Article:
Back in February 2015 while waiting for our observatory work crew to show up at gate 2 at the Sechelt Airport I heard a sound behind me and turned around to see a bobcat a short distance away. A short time later another one came out to join the first. I stood in the doorway of my car and got a number of photos with my I Phone. They trotted off up the road before the rest of the crew arrived.
Yesterday the Coast Reporter ran an article advising how MSc Candidate TJ Gooliaff, a Biologist in Training (BIT) at the University of British Columbia Okanagan, was looking for photos of bobcats for a study he was doing to determine their populations. I sent these off yesterday afternoon and he sent me a thank you note this morning. If any of the rest of you have photos (which don’t have to be great photography), please share them to further this worthy cause.
Clear Skies, Charles Ennis
This last weekend the tracking scope was added to our SCC Observatory’s 14 inch Celestron telescope. Mike Bradley (seen here) and David Thompson were up on Saturday the 20th and on Monday the 22nd re-balancing the telescope, correcting alignments, and adjusting the dew shield.
This weekend Dodie Graham-McKay flew out from her home base in Winnipeg to brainstorm with our members at my home, hang out with our members at Astro Cafe, visit the observatory, and spend many hours writing proposals and concepts for our BravoFactual TV project with me. Thanks to all of the members who participated: Your input was invaluable. We came up with a well polished project outline, visual reference, budget and technical reference for the application, which is to be submitted Thursday, 25 February. The jury will be examining this and all the other applications for three months: We should have news about whether we’ve been accepted at the end of May.
Charles Ennis, President
We will be having a public viewing session at the SCC Observatory on Saturday, March 12, 2016, at 7:00 PM (weather permitting). The SCC Observatory is at the Sechelt Airport: entrance is at the gate at the top of Field Rd where you will see this sandwich board sign:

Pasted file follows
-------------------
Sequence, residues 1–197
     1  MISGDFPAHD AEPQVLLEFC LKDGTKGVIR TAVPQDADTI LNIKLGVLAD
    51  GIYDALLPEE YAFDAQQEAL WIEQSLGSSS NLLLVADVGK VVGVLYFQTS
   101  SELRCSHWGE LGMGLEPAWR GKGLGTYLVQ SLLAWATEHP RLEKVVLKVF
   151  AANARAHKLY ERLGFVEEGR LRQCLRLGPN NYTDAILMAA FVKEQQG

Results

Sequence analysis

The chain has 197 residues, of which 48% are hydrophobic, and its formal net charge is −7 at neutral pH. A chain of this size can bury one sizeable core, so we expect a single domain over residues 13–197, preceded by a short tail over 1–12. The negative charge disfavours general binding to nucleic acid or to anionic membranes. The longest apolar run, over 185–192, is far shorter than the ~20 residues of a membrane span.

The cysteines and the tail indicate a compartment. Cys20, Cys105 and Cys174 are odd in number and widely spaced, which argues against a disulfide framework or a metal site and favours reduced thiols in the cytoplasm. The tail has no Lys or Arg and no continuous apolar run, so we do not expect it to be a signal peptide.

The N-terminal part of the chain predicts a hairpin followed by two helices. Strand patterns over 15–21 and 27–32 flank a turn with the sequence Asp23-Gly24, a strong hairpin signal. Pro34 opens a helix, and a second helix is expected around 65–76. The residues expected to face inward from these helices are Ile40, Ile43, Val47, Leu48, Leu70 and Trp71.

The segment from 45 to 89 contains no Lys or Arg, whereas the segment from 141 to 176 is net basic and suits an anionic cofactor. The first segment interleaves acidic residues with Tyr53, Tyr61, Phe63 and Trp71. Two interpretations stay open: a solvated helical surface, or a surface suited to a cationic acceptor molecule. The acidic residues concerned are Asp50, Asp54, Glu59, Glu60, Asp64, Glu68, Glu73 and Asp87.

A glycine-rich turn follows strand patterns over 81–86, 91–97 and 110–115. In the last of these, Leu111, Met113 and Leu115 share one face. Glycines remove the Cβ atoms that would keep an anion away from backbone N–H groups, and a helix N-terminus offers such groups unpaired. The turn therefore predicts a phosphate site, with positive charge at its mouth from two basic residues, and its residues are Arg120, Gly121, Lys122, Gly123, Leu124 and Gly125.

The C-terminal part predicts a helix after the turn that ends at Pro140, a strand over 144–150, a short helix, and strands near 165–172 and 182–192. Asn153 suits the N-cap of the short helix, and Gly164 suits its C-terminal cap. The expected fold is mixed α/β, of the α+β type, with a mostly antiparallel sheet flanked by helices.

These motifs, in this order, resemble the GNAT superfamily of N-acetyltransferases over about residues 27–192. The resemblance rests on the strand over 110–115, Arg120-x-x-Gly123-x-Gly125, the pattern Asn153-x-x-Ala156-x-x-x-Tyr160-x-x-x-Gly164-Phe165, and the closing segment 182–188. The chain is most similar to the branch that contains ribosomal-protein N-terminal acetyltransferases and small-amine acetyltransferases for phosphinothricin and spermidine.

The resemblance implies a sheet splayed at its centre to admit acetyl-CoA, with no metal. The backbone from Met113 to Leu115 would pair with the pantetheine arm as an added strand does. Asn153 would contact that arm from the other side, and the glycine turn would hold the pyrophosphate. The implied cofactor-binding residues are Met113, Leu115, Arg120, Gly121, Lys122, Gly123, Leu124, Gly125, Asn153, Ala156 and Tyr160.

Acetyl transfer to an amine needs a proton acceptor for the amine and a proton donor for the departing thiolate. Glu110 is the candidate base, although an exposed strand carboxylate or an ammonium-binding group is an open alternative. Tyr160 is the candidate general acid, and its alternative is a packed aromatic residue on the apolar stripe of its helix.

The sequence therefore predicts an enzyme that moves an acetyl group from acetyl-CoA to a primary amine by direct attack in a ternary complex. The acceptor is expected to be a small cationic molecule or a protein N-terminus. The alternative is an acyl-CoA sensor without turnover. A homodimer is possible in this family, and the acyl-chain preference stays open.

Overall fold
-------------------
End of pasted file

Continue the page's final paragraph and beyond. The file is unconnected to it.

Check out our Observatory page for more information on the SCC Observatory. Please, no food or drinks and only use red light flashlights to preserve viewer’s night vision. No pets or laser pointers please: They are prohibited by Transport Canada regulations for this airfield. We will update this post on 13 February to advise whether the weather will permit us to open that night.
UPDATE 12 March 7:30 AM: The Clear Dark Sky chart is not showing a hopeful forecast for viewing this evening. We’ll keep an eye on it during the day, but it isn’t looking hopeful for opening the observatory at present.
UPDATE 6 PM: forecasting 60% chance of showers with thunderstorms. Small window of visibility at 9 or so, but not long enough to warrant taking a risk. No viewing tonight. However, forecast for Astro Cafe on 18 March looking good at this time.
Astro Cafe will convene at Pier 17 in Davis Bay at 7:30 PM on Friday, 18 March, 2016. Public are welcome! We’ll have coffee and weather permitting will take our telescopes out to the south end of the seawall for public viewing.
At 7:30 PM, 11 March 2016, at the Sunshine Coast Art Centre, 5714 Medusa St., Sechelt, Dr. Paul Hickson will do a presentation on Extremely Large Telescopes. Paul Hickson is a Professor in the Department of Physics and Astronomy at the University of British Columbia. He obtained a BSc in Physics from the University of Alberta in 1971, and a PhD in Astrophysics from the California Institute of Technology in 1976. Dr. Hickson has research interests in several areas of extragalactic astronomy, including galaxies, clusters of galaxies, active galactic nuclei and cosmology. He also spends time developing new astronomical instruments, such as liquid-mirror telescopes, robotic telescopes, and instruments to measure atmospheric turbulence. He currently serves as Co-chair of the Scientific Advisory Committee for the Thirty Meter Telescope and was Project Scientist for its adaptive optics system.
In the coming decade three next-generation optical-infrared telescopes are expected to see first light. The Giant Magellan Telescope, the Thirty Meter Telescope and the European Extremely-Large Telescope will be the world’s largest, with apertures ranging from 22 to 39 metres. Employing advanced adaptive-optics systems and a suite of sophisticated instruments, these telescopes will have as much as four times the resolution, 16 times the light gathering power, and more than 200 times the sensitivity of today’s largest telescopes. Dr. Hickson will provide an overview of the key scientific programs that are driving these projects, and the technologies that make them possible.
Admission is free, donations gratefully accepted.
Comet US10 Catalina was discovered on October 31st, 2013 during the routine Catalina Sky Survey sweeping the sky for comets and asteroids. Originally it was Mag 18 object but brightened considerably, last week it was at Mag 7.8 mag and visible in binoculars. While comets are notoriously hard to predict, Catalina is expected to fade rapidly now.
I imaged the comet on Feb 8th from Roberts Creek with a Megrez 120mm, Canon 60Da, it is a stack of 17 x 2 minute exposures at 1600 ISO with darks, flats and dark flats applied using Deep Sky Stacker. The comet was in Camelopardis at the time of the image at a DEC of about 74◦, just below Polaris. Time is running out to see Catalina, so grab the binoculars on the next clear night and look north!